The Keyboard & Trackpad

Despite being clearly ultraportable, ASUS makes very few sacrifices when it comes to the keyboard . The majority of the keys on the UX21 measure ~14.5 x 13.5 mm, while only the arrow keys and top row of function keys are significantly reduced. With the exception of the delete key, which is located in the top row next to the power button, there are absolutely no awkwardly placed keys on this keyboard. ASUS did its homework here because the UX21 requires absolutely no learning curve to pick up and start typing away at full speed. It wasn't too long ago when I couldn't make such a statement about an ultraportable PC, making the Zenbook's improvement a welcome change.

Keypresses are stiff and very distinct. The Zenbook's keyboard is almost too stiff for my tastes, although I definitely felt it loosen up over the course of this review (or I grew more used to it?). If you are a fan of keyboards that require a bit more effort to actuate the keys, the Zenbook delivers. If you're expecting a MacBook Air-like softness you won't find it here. It's not a major gripe and as I mentioned, it is something that you can get used to but it's one area where I don't believe the Zenbook is perfect. Part of the problem may actually be the material used for the keys; by using a harder material there's less give in the actual keys, which increases the impact force on your fingers.

The keyboard lacks any sort of backlight, which is only really a problem for finding which function key you're looking to hit in the dark (e.g. when trying to dim the screen in bed or on an overnight flight). While not a deal breaker, I was hoping ASUS had learned from Apple's mistake with the previous generation MacBook Air.

The system's power button is integrated into the keyboard in the upper right hand corner; it looks and feels just like a regular key. Hitting it brings up ASUS' own popup asking you what you'd like to do (sleep, shut down, restart):

The trackpad is equally well designed. It's a very large unit, something I hope we see more of across ASUS' product line, and is extremely smooth. The trackpad itself serves as a button, with the whole surface moving down with each click. Physical clicks that originate at the very bottom of the trackpad can map to left/right buttons depending on what side of the pad you click on. Anything north of there is treated as a left click. If you click with two fingers on the trackpad the click appears as a right click. Tap-to-click is enabled by default but there's no support for a tap-to-right-click. Click feedback is good and the trackpad is fairly accurate. I had to turn up the default pointer speed but otherwise left everything at stock.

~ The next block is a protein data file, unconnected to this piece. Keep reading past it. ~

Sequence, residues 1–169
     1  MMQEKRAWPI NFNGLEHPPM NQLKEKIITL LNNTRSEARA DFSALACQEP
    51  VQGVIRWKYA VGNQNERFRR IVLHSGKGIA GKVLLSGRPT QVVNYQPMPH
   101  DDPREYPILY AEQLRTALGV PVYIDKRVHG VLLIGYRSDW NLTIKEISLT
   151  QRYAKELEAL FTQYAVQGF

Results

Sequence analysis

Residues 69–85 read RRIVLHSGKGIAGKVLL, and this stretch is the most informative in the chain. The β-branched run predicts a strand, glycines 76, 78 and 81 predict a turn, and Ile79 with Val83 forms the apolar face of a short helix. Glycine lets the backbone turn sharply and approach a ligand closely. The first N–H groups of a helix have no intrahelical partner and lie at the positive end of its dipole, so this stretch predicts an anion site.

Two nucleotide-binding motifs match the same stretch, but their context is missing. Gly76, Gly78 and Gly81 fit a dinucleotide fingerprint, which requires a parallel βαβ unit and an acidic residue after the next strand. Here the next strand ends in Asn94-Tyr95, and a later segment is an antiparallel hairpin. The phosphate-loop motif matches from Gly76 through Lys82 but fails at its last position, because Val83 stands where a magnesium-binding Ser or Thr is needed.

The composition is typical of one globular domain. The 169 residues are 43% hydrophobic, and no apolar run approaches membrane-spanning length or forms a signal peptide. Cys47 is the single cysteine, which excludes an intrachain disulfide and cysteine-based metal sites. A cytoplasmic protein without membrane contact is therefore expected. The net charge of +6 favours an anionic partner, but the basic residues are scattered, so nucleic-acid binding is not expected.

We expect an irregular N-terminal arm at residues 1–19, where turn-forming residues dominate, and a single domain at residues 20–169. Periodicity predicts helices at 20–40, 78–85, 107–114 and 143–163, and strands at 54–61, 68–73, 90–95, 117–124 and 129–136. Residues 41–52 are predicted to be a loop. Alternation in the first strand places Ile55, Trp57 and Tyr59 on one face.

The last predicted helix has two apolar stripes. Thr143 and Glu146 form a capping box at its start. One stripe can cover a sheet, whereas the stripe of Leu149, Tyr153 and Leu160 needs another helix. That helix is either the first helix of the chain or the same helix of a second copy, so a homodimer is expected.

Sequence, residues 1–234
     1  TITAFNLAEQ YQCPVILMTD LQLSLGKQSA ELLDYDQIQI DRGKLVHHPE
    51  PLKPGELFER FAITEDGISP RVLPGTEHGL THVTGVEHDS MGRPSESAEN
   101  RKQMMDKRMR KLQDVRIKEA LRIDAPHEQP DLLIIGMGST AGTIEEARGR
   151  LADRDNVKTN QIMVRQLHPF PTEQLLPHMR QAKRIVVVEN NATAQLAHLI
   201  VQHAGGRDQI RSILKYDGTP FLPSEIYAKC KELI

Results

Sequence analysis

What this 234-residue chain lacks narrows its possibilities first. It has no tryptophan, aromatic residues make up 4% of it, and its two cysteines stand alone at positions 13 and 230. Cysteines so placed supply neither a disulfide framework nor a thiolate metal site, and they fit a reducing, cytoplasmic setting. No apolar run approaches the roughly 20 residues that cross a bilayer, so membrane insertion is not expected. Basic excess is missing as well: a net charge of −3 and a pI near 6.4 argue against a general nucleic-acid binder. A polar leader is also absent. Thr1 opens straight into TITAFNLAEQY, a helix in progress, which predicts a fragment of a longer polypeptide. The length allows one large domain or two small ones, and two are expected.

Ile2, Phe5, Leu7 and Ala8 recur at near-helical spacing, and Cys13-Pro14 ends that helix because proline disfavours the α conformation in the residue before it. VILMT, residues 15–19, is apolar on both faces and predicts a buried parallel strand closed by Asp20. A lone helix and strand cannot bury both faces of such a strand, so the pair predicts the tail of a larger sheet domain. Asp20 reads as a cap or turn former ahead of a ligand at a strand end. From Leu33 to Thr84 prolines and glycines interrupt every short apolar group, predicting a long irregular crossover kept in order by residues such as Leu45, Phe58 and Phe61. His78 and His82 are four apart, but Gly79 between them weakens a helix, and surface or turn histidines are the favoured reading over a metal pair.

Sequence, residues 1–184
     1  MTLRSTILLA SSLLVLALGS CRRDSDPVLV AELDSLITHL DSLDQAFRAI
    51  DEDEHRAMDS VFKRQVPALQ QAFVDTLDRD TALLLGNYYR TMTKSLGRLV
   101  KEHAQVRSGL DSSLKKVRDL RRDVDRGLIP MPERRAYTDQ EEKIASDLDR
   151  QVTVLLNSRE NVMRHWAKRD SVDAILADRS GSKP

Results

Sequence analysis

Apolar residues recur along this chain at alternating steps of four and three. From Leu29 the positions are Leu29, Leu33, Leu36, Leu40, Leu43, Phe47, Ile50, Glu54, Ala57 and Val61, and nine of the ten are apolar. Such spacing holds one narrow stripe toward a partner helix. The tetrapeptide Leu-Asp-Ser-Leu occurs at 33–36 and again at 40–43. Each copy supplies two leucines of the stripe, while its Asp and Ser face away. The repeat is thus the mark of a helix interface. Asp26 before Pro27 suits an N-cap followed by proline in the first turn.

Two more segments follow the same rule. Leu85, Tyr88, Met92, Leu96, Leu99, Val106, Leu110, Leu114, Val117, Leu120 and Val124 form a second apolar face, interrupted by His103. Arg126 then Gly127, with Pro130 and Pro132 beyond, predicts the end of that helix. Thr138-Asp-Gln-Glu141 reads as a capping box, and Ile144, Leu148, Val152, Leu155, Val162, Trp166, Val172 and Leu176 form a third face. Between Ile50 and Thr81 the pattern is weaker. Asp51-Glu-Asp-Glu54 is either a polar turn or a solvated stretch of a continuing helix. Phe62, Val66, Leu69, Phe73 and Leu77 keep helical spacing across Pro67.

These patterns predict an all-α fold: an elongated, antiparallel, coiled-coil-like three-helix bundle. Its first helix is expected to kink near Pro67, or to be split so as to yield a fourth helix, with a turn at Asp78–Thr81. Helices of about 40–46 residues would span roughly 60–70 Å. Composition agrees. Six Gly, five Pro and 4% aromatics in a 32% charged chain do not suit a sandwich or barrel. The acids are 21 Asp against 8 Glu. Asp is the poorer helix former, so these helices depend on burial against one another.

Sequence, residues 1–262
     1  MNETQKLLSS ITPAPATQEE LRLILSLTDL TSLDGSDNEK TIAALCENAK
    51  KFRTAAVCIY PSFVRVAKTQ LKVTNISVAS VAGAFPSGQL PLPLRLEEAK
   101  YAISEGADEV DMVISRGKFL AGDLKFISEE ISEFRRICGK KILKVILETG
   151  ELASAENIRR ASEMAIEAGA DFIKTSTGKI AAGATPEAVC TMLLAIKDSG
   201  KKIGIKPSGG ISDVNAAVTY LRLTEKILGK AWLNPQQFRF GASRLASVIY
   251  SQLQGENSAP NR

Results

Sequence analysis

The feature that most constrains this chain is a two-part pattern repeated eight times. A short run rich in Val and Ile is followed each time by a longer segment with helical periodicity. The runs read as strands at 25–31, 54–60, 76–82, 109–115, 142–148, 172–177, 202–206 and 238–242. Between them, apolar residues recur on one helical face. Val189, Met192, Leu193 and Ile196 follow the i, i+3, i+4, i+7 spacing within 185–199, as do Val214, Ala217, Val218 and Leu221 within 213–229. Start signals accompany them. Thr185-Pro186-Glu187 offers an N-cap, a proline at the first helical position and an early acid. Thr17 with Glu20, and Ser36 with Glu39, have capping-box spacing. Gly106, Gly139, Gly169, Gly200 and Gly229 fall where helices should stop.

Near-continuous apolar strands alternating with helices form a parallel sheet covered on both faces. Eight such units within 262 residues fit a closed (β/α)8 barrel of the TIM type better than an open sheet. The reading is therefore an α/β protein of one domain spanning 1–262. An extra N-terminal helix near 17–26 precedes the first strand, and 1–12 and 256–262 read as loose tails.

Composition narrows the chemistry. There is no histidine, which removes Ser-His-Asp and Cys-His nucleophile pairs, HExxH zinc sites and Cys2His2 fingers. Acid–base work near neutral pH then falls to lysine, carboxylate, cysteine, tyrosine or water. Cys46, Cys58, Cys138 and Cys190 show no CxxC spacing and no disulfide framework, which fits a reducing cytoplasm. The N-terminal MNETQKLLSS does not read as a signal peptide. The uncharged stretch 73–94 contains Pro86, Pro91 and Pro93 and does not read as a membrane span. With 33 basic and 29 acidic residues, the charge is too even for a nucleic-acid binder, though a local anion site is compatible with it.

The trackpad is driven by a Sentelic controller which supports multitouch gestures. You get two finger scrolling along both axes as well as three finger swipe in all four directions. You can use the three finger left/right swipe to go back/forward in a web browser, while up/down swipes will either trigger Windows + Tab or reveal the desktop, respectively. There's also pinch-to-zoom support. The gestures are pretty useful despite not being super tightly integrated into the OS.

For whatever reason, getting perfect trackpad operation is pretty difficult. I suspect it doesn't help that there are a few too many cooks in the kitchen when it comes to OS, hardware, touchpad and driver development. ASUS has put its best foot forward with the Zenbook's trackpad and although it's not perfect, ASUS is promising significant updates in the coming weeks.

So where does it have problems? Let's start with what it can't do. In almost all cases, pointer movement is disabled if the trackpad detects more than one finger on its surface. This is particularly problematic if you are used to resting your thumb on the button while guiding the pointer with your index finger. ASUS does allow you to do this, but only if your thumb rests in the click zone at the very bottom of the trackpad. The moment it moves too high, all pointer movement shuts down. You either have to be very conscious of this barrier up front or avoid the situation entirely. I occasionally found myself wondering why the trackpad wasn't responding, only to realize that my thumb was resting a bit too high on the trackpad. This wouldn't be an issue except for the fact that as a button-less trackpad where the entire surface is designed to be a button, you really should support resting your thumb anywhere on its surface so the user can mouse arund with a finger and quickly click with a thumb. Ideally the trackpad's driver would be able to distinguish between a resting finger and the user attempting a two-finger scroll/gesture.

The other major quirk I noticed with the Zenbook's trackpad was a frequent high response time after even short periods of non-use. Basically I'd be typing for a little while, go to move my mouse cursor and encounter a second or so of lag before the pointer responds to my input. The issue isn't consistent and it never seems to happen if I'm continuously using the trackpad, which leads me to believe there may be an overly aggressive power saving component of the trackpad driver at work here.